On the 1st of September, 1920, a train left Washington: a locomotive and thirty cars. The cars were loaded to the top with watermelons. The melons were ripe and sound, and every one cost twenty-five cents–fifty kopecks in our money. The train went rapidly northward.

On the bank of the Potomac River, where the track passes along a cliff, the train stopped. Workers bustled about near one of the cars.

And all at once splash, splash! One melon fell into the water, a second, a third. A whole stream of melons rushed over the cliff into the river below. They jumped like croquet balls, collided, and broke into bits. Near the shore in the water a raft of melons was formed–a green floating island. And the melons continued to come. The first car was followed by a second, the second by a third. The work went on efficiently: a car in two minutes: thirty cars in an hour.

The locomotive blew the whistle, the people jumped aboard and the train disappeared. Slowly the watermelons floated with the current down the Potomac River.

I did not invent this story. If you do not believe it, get a book called 'The Tragedy of Waste,' written by Stuart Chase. He is an American and a member of the staff of the Labor Bureau in New York City. You will find the tale about the watermelons on page 193.

This book tells us many other interesting things:

'In 1920 thousands of gallons of milk were poured into the rivers and creeks of southern Illinois.'

'In October, l921, placards were placed along the highways in the Middle-Western States advising the farmers to burn corn instead of coal.'

'On June 24, 1924, the New York World announced: "Thousands of packages of cucumbers and other fresh vegetables were dumped on the offal dock today."'

'Every few years a large percentage of the Maine potato crop is left to rot in the ground.'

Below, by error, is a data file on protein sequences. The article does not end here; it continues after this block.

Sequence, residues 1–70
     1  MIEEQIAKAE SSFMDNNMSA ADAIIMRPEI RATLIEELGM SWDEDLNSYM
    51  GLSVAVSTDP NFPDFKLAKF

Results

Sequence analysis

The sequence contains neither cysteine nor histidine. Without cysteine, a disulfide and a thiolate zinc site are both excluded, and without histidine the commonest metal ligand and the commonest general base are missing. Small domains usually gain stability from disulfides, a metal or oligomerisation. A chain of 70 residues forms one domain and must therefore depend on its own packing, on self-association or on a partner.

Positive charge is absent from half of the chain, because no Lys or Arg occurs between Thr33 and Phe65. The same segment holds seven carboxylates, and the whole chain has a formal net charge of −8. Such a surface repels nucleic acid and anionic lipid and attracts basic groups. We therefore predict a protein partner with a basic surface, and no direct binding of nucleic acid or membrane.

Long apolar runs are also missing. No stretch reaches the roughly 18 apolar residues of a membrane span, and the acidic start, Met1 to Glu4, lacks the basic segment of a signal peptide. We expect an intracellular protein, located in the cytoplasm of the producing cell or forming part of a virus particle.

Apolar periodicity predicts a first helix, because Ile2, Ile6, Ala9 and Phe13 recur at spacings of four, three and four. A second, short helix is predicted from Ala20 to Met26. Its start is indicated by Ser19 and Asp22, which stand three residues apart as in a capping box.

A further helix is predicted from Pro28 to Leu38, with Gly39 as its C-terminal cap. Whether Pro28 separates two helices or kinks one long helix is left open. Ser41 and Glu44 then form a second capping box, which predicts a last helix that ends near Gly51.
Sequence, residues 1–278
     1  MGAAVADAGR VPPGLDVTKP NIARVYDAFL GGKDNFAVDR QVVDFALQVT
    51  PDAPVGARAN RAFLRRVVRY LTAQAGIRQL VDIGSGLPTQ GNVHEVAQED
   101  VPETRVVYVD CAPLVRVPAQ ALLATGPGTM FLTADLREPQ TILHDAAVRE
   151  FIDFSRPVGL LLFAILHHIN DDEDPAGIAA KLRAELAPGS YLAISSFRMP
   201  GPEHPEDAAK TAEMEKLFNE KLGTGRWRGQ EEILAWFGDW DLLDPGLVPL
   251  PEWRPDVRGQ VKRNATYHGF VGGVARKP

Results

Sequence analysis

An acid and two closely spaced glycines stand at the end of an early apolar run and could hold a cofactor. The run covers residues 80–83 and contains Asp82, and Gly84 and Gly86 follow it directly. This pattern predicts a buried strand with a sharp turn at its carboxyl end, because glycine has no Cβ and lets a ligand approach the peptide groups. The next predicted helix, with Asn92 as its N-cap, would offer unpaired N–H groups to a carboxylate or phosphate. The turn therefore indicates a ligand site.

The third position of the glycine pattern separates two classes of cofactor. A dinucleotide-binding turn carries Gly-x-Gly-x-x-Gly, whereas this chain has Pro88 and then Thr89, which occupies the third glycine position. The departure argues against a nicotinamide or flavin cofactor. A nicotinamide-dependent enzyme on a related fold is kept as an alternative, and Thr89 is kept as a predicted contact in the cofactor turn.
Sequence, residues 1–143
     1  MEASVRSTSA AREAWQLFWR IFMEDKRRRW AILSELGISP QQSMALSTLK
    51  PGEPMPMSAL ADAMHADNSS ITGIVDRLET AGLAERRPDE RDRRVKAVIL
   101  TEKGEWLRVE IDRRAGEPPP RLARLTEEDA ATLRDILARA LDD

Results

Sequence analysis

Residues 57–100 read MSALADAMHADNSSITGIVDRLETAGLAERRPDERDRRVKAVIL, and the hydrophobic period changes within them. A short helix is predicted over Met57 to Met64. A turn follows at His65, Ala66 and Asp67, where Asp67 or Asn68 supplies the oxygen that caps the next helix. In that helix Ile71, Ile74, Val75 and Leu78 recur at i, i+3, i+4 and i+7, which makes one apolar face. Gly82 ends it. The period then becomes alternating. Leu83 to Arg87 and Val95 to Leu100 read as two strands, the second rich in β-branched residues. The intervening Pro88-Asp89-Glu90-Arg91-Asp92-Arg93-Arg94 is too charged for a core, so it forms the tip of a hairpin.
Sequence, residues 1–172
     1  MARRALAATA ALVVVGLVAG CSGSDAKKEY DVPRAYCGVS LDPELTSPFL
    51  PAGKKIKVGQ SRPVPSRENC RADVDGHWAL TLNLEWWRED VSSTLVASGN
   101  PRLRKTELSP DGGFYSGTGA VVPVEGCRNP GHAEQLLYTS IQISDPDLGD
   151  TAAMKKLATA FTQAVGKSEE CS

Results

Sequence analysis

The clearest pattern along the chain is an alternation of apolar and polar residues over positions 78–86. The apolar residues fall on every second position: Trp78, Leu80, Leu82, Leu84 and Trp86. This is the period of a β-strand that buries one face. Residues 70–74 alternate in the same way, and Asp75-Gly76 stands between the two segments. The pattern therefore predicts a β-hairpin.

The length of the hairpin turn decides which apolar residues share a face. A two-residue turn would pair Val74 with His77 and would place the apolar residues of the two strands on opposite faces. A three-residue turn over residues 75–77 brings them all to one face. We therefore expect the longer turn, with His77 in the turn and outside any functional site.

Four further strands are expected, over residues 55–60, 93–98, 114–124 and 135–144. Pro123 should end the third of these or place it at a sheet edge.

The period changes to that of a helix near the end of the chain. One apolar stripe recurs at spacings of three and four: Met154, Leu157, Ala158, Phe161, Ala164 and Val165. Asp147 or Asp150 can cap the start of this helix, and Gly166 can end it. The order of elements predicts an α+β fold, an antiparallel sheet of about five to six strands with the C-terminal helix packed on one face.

And here is the very latest dispatch from the newspapers:

'In the Western States again, as in 1921, grain is being burned in place of fuel.'

On the cotton plantations they breed a weevil which destroys the cotton crop.

Automobile manufacturers spend millions of dollars for the purchase and destruction of used automobiles. Steamship companies wreck hundreds of the latest steamships.

What does this mean? Have people lost their senses, or what is the matter? The burning of corn, the spilling of milk, the destruction of automobiles, the wrecking of steamships–why is this done? Who profits by it?

It is profitable to the Foxes and the Boxes. Mr. Fox burns a few train-loads of grain in order to raise the price of corn. Mr. Box gives orders to spill tens of thousands of bottles of milk into the river in order that milk may not be sold too cheaply. And in the mean time school physicians in New York report that one out of every four children in the city is undernourished.

In a country boasting millions of machines, storerooms are bursting with goods; corn is burned in place of coal; milk is poured into the river. And at the very same time in this very same country, thousands of people go hungry.

Americans say with pride: 'Every American worker has two hundred and thirty mechanical slaves.' If we count the number of machines in the country and the number of workers they replace, then this statement is true.

Why, then, if this is so, are millions of American citizens in need of the most essential things? What is the matter here?

The matter is that all these mechanical slaves, all these magnificent machines, belong, not to all Americans, but only to a very few. Just one 'automobile king,' Ford, owns sixty automobile factories in America and twenty-eight in other countries. He has his own railroads, his own steamships, his own mines, his own forests, his own mountains, his own rivers! If all of the workers in his factories with their families were brought together and put into one place, they would make a city with a population of three million persons. This is as if all Moscow and half of Leningrad in addition worked for one man.

Because one man owns the machines, millions must work for him.

4. The U.S.S.R. and the U.S.A.

Every American worker has two hundred and thirty mechanical helpers: every Soviet worker has only twenty.